Saturday, March 30, 2013

Talking the Talk, part one

I am, for the most part, pretty open about my sexuality. I mean, I don't walk around wearing a t-shirt that says "Hi, I'm gay" at all times, but I talk about Christopher as my partner a lot, and I'm not afraid to speak up about issues when they arise.

And, yes, I admit that - as with any other topics - there are times when I let things slide. Usually, that happens in situations where someone I don't know says something completely stupid. So I don't jump down someone's throat when he/she says "That's so gay" in a derogatory way. And I don't automatically start talking about marriage rights in the middle of an unrelated conversation.

But, even so, twice in the past two days I've had the chance to say something - and I'm happy to say that I've actually done it.

Yesterday, at work, we had a staff lunch, and someone was talking about a reality TV host that she really likes. And a few other people were saying they liked him, too. And when I said I didn't, they asked why. I could have said I didn't like his style of presenting - or that he just rubbed me the wrong way. But I didn't. I actually said "Because he's been quoted as saying - and doing - some incredibly homophobic things." While that made the conversation falter for a few moments, and while I don't know that it made a difference in anyone's opinions, I'm pretty proud of myself for saying it.

Today was a different story. I was out getting my hair cut, and the woman was carrying on a nice conversation. She was probably about 10 years older than me, and after commenting that she would be spending Easter with her mother, her daughter, and her granddaughter, she asked what I would be doing. And I said I'd be spending it with my partner and his family.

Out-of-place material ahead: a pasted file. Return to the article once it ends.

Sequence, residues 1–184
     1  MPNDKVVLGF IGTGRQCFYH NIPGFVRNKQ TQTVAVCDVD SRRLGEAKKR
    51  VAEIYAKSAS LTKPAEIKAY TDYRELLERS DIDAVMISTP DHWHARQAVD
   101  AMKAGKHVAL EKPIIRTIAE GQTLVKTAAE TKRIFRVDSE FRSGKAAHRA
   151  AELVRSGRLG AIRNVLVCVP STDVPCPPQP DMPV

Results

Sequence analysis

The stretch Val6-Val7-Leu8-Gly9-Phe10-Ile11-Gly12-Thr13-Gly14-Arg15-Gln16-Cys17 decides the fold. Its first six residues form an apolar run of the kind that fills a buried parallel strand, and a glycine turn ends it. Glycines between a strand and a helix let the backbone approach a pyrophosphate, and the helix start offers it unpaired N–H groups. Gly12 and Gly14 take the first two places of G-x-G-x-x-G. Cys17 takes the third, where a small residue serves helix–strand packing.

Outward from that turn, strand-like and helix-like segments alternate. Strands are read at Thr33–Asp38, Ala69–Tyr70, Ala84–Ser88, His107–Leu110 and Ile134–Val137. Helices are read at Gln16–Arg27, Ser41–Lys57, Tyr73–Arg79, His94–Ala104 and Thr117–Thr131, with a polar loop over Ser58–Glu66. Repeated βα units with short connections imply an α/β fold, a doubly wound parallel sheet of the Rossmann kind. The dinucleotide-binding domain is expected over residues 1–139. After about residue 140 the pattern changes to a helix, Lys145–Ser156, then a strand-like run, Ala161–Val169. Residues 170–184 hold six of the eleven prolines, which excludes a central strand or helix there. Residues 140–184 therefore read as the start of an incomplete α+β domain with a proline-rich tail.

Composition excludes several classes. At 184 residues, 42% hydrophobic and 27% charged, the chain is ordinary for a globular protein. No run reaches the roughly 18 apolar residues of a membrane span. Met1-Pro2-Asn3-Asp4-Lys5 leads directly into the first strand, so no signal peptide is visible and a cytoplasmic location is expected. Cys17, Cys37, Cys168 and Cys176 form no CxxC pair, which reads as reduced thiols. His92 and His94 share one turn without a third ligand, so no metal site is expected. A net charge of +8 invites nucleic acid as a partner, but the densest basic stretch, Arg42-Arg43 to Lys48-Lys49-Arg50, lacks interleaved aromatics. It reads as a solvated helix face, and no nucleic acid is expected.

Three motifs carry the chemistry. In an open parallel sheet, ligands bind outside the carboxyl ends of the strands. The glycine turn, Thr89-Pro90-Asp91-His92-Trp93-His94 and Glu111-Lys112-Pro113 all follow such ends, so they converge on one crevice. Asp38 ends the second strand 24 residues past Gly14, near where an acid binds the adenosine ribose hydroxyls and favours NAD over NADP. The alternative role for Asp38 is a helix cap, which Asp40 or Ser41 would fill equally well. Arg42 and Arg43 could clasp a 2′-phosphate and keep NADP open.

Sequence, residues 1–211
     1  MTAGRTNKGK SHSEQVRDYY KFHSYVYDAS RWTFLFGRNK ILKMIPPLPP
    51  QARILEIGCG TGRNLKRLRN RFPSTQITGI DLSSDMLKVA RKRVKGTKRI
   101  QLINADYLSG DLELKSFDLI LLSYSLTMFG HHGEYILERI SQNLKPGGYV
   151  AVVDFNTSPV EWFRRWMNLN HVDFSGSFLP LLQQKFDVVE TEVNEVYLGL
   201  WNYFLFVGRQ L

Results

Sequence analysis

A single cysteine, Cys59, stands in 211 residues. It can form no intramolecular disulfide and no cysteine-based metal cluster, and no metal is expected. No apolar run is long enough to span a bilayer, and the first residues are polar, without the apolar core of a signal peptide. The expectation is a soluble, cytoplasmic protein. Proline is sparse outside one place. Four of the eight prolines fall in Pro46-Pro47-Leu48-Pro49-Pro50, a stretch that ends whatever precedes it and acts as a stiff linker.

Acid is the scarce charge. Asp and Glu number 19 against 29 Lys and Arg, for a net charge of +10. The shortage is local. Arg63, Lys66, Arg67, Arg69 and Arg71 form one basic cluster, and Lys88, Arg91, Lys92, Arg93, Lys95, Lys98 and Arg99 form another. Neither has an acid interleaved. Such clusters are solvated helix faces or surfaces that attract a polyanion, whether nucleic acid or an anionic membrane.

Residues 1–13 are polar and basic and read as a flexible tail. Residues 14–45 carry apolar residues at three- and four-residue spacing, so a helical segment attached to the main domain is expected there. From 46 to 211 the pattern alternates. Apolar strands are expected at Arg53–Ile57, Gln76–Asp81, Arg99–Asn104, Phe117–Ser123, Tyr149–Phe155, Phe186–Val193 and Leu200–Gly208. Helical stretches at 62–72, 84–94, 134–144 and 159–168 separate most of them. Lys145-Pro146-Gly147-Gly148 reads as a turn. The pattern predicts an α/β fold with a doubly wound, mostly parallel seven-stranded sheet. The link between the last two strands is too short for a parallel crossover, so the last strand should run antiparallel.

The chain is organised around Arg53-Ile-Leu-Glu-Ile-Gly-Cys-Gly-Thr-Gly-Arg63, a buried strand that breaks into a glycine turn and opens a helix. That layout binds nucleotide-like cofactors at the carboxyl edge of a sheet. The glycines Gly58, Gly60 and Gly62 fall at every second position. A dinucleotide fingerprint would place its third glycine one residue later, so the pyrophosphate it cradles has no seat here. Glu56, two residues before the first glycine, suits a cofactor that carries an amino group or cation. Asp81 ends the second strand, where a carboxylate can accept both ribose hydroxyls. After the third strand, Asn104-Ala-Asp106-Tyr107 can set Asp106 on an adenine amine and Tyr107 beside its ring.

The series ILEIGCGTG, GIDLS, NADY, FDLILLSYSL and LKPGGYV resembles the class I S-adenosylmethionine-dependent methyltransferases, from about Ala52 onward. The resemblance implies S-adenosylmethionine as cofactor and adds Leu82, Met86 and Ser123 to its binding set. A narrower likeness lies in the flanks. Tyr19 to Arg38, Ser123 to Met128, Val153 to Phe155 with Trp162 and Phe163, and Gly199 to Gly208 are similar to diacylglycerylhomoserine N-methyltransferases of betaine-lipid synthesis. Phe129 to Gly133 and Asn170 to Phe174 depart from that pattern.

I make comments like that a lot in retail situations. And I tend to watch for reactions - not because I'm trying to shock people, but because I'm trying to see what shift happens. It's usually right behind people's eyes as they try to figure out what's going on. When I'm getting a haircut, though, my glasses are off and I'm blind as a bat. So I just had to trust that she wasn't going to drop the scissors and snip off my ear. Instead, though, she asked how long we'd been together and whether we often spend holidays with his family. And I got a good haircut, to boot.

I know it's silly, and that it shouldn't really matter, but that's my own "we're all around - no need to be afraid" crusade. So I'll just keep talking my talk - one conversation at a time.

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